The Washington PostDemocracy Dies in Darkness

Diamond Miller exits early as the No. 17 Terps open with a road win

Maryland 88, George Mason 51

Maryland's Diamond Miller gets some help from her teammates after suffering an injury in the Terps' season opener Monday at George Mason. (Scott Taetsch for The Washington Post)

Diamond Miller’s senior season was off to a spectacular start — until it wasn’t.

Maryland’s star guard looked like her old self Monday night as she dominated host George Mason in the first quarter. The highlights came quick. She got a steal, went coast to coast, split a pair of defenders and finished a layup high off the glass while getting fouled. The accompanying scream and flex were vintage Miller. Moments later, she hit a pull-up three-pointer and shuffled back on defense, tapping her temples with three fingers and sticking her tongue out for the crowd.

That was the Miller who was one of the best players in the nation as a sophomore two seasons ago. But her night took a scary turn when she left the game early in the second quarter with a knee injury. No. 17 Maryland cruised to an 88-51 victory in its season opener, but Miller never returned.

The injury appeared to be to the same knee that bothered Miller all last season and required surgery in April. She had outscored the Patriots by herself before exiting, but her night ended with 11 points.

“From our end, we just didn’t think it was worth pressing anything,” Coach Brenda Frese said. “It’s nothing too serious. We’ll continue to have her evaluated once we get back home, but just more out of precautionary [reasons]. It’s a long season ... so just wanted to be smart with it.”

Despite losing its star, Maryland never trailed and was never in danger. The Terps, with eight new players, looked like a promising bunch in their debut. The program was hit hard by transfers and graduation — notably Ashley Owusu heading to Virginia Tech and Angel Reese choosing LSU — but Frese found success in the transfer portal, too.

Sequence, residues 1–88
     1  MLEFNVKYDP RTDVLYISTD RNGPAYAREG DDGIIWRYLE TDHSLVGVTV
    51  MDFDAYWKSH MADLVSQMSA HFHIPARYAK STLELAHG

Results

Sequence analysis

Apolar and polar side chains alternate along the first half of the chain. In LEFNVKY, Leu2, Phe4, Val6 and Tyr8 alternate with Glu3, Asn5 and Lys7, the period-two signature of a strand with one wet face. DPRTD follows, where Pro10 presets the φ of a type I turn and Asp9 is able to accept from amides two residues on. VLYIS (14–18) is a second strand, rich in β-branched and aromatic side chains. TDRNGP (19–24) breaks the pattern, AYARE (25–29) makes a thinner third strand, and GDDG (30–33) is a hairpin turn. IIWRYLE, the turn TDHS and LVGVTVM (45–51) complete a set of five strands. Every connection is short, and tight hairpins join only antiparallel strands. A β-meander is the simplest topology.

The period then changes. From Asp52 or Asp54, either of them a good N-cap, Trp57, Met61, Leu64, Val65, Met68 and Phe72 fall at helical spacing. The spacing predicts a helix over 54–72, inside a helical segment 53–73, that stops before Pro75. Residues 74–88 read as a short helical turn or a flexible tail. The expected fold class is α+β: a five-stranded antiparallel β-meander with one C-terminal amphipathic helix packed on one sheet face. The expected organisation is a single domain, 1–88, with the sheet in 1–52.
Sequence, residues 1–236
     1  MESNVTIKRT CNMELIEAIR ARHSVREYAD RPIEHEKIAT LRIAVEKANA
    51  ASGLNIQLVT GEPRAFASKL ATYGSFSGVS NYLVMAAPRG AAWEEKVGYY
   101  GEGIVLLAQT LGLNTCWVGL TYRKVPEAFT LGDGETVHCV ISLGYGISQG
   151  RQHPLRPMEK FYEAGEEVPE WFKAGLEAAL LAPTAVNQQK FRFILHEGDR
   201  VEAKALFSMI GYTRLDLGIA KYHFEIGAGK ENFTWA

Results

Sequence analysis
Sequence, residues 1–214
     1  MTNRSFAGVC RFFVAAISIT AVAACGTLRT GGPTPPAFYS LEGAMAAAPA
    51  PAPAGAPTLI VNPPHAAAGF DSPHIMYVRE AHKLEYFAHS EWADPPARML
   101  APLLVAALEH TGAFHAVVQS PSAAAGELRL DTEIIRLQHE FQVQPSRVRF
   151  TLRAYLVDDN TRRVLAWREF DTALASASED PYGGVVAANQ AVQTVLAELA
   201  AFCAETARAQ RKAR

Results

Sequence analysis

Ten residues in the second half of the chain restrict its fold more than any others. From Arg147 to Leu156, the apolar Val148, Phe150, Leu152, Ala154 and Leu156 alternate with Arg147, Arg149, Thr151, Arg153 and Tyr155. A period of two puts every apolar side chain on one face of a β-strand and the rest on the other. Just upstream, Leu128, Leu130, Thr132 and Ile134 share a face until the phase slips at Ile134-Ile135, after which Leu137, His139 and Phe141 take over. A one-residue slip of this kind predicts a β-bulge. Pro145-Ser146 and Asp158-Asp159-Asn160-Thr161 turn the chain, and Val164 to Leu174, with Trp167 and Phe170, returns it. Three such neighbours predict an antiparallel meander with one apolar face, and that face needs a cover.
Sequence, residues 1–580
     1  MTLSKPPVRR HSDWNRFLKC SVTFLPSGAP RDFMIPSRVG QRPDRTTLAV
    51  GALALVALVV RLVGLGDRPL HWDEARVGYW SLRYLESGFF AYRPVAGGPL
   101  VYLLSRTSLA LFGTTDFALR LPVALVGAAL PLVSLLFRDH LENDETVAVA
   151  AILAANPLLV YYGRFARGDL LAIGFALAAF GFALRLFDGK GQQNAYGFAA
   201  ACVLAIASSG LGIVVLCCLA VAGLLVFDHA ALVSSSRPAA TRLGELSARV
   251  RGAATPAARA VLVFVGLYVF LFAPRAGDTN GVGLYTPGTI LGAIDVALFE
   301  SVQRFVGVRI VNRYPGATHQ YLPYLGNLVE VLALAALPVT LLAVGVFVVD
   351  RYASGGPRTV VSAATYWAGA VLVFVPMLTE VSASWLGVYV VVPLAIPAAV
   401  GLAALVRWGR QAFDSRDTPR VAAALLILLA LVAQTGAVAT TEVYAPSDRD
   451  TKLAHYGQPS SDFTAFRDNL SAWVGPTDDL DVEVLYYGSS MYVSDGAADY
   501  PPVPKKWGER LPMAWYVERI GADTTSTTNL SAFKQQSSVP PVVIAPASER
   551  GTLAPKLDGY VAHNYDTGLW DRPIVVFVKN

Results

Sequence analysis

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Gone were five of last season’s top six scorers, but in came Ivy League player of the year Abby Meyers and a host of other accomplished upperclassmen. Meyers became the No. 1 option Monday with Miller out and finished with 19 points, six rebounds and three assists. Bri McDaniel chipped in 13 points and seven rebounds, and Shyanne Sellers had 14 points and four rebounds. Lavender Briggs scored nine points, grabbed eight rebounds and dished three assists. But forward Emma Chardon, like Miller, suffered a knee injury in the first half and did not play in the second.

“It was great to represent Maryland,” said Meyers, who attended Whitman High and was a Maryland fan growing up. “I was telling my teammates in the fourth quarter, I was like, ‘I’m impressed with us.’ Just coming out, not knowing, in terms of expectations, how we would take the nerves in the first game and all, but I think that everyone just really stepped up and kind of set the tone for us.”

The challenge ratchets up significantly Friday when Maryland hosts top-ranked South Carolina, the defending national champion.

Taylor Jameson led George Mason with 15 points as the Patriots shot just 29.1 percent.

“For us, on the build with this program, to be the best, you’ve got to beat the best,” Patriots Coach Vanessa Blair-Lewis said. “And so it was good for our girls to see the challenge, to see a team that has been at the top and ranked nationally for many years.”

Here’s what else to know about Monday’s game:

Have Faith

Forward Faith Masonius started for the Terps in her first game since tearing her ACL in a loss to Indiana on Jan. 2. The senior wore a bulky brace on her knee but moved well and was active defensively. She finished with two points and three rebounds.

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Roster rotation

Starting alongside Miller were Meyers, Masonius, Briggs and Elisa Pinzan. That lineup is essentially four guards with Masonius; without much size on the roster, Maryland will play plenty of small ball.

Sellers, the reigning Big Ten sixth player of the year, was the first to sub in, followed by freshman Gia Cooke and McDaniel. All 12 available players got into the game.

“I think our freshmen stepped up a lot,” Briggs said. “I was trying to just pull my weight and continue shooting even though I was missing.”

On the move

The Terps may be a bit small, but they offset that with a ferocious pace. Maryland looked to run at every opportunity — off rebounds, following turnovers or after any other change of possession. That put plenty of pressure on the Patriots’ transition defense.

Maryland employed a full-court press early and often, which helped it jump to a 13-2 lead. A 15-0 second-quarter run helped the Terps lead 39-17 at halftime.

“I thought the starters set that tone [with] just great effort and energy,” Frese said. “Kind of like they were shot out of a cannon. Their energy and excitement for the game I thought really showed. ... This is how we’re going to have to play.”

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